Walsh says: “Any time you do something new there is a risk; whether that’s putting in a new IT infrastructure, or moving from a traditional core banking platform to an open banking environment. You need to understand those risks and manage them. But banks must consider, if they don’t move forward, where they will be in five years and who will have leapfrogged them.”
Good for business
Walsh acknowledges that open banking demands a mind shift.
“Sometimes, it’s difficult for banks to understand that it’s a two-way thing. It’s not just the bank selling its products to new people; it’s a bank selling someone else’s products to new people, or indeed to their own customer base.
“For example, a bank may need a quick and easy credit application. How does it do that? Does it build it itself? Or does it partner with someone else? If taking the second option, APIs and an open banking infrastructure will reap rewards.
“To grow as a bank, you either acquire new customers or sell your existing customers new products – or maximise your return from either or both of those things. And APIs help banks to do this in a much more agile fashion than in the past. If we’re looking at people banking via an app, banks can say ‘here are some new products. Let’s test them out on a small subsection that we think, demographically, might be the early adopters for this. Let’s understand whether they are willing to be part of this experiment’.
“Banks don’t want churn of customers, and if they have the ability to offer new services to those existing customers it clearly reduces the risk of churn. But it also increases the potential benefits of selling those customers new products, new services, and making their experience more delightful.”
Walsh points out that those two clients in Brazil – Portocred and Banco Topázio – ‘really started from nothing’ but grew fast due to their clear strategy of selling white-label banking products via third parties.
“By sharing its data, Portocred white-labels loans to other customers and so reaches parts of the market they couldn’t reach themselves, but it doesn’t take away from their own customer base,” he says. “And Banco Topázio makes its data available to 80 fintechs, which are effectively reselling their forex services. So, the fintech doesn’t have to build a forex service, it’s already there from Banco Topázio, and Banco Topázio doesn’t have to find 80 retail partners. It’s a real win-win situation.”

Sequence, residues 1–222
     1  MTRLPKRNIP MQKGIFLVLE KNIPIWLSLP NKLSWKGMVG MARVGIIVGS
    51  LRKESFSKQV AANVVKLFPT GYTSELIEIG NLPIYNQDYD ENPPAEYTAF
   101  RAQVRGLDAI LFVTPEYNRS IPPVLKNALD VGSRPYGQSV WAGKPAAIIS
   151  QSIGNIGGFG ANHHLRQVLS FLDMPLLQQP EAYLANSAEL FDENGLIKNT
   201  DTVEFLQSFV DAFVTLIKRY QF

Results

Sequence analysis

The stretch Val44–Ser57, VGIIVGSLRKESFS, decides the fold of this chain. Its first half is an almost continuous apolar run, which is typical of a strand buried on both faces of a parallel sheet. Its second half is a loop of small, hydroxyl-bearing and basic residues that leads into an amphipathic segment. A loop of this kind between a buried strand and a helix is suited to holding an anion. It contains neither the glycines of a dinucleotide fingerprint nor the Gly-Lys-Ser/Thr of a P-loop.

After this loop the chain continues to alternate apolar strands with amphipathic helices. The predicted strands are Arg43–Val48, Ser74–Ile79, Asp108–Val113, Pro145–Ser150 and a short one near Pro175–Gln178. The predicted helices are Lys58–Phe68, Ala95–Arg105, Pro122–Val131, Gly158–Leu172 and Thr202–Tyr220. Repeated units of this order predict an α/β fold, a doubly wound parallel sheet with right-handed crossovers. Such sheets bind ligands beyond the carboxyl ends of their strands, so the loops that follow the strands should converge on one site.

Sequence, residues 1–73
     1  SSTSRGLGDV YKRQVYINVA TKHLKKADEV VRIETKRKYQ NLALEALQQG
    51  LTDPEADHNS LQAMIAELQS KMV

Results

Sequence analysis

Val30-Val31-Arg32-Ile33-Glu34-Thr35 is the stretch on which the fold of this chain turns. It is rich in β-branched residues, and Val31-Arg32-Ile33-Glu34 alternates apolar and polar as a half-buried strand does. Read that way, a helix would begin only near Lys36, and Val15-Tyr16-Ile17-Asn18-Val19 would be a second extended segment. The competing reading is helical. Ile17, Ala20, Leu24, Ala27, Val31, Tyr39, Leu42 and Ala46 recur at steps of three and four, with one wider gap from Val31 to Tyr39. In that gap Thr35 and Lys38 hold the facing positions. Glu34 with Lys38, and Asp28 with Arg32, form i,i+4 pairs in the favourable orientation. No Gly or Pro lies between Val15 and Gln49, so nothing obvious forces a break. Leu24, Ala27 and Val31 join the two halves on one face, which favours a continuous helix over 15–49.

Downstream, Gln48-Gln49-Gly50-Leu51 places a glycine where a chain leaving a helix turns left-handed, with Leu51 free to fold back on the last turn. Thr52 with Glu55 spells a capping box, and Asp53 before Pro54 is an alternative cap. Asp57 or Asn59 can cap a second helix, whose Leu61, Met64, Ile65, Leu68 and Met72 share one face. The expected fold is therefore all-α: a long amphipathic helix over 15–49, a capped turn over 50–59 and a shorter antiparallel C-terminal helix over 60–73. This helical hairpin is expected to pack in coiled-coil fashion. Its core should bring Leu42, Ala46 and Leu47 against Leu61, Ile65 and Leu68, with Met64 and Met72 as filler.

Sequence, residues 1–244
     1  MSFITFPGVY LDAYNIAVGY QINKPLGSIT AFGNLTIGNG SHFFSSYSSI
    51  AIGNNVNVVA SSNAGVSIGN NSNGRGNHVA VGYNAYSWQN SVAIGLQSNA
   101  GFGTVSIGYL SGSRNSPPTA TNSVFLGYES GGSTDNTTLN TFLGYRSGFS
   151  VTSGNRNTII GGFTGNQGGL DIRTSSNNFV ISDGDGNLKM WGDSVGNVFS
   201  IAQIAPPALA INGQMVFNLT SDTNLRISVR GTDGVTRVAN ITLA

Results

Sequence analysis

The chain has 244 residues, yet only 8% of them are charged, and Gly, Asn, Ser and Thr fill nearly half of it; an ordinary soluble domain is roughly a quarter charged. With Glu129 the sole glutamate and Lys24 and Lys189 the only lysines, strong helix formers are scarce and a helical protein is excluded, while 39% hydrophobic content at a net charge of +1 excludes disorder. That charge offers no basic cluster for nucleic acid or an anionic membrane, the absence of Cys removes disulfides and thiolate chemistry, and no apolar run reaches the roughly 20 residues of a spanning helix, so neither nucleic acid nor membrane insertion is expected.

Data is another motivator for API adoption, says Walsh, with banks getting more from their artificial intelligence if it can trawl through a bigger pool of information on customers. Although an established bank’s data will be rich, given that customers often remain with a bank for a lifetime, it will have little or no insight into the financial products a customer buys from other providers. And the in-house data held by rival banks may be very similar.
He says: “If banks partner with other organisations, that just enriches the data pool. If I’ve banked with HSBC for 30 years, then HSBC knows my salary, etc. But it doesn’t know about the insurance purchases I make, about any third-party loans I take out, or financial instruments I’ve bought elsewhere. Imagine now, in an open banking world, this data can be shared among different vendors, if the customer allows it. Then the richness of that data allows a bank to make a far more targeted approach to a type of customer.
“Using this new technology, it’s much quicker for banks to make that offer. Before open banking, marketing was largely done by mailshot. I don’t think the new generation of bank customers are interested in something coming through the post. But this new targeted approach is better for the customer, and banks can quickly test what works and what doesn’t.
“Returning to my original point about strategy, I said banks needed to ask ‘what is open banking doing for me?’. If they can harness data in this way, open banking can help them make huge progress.”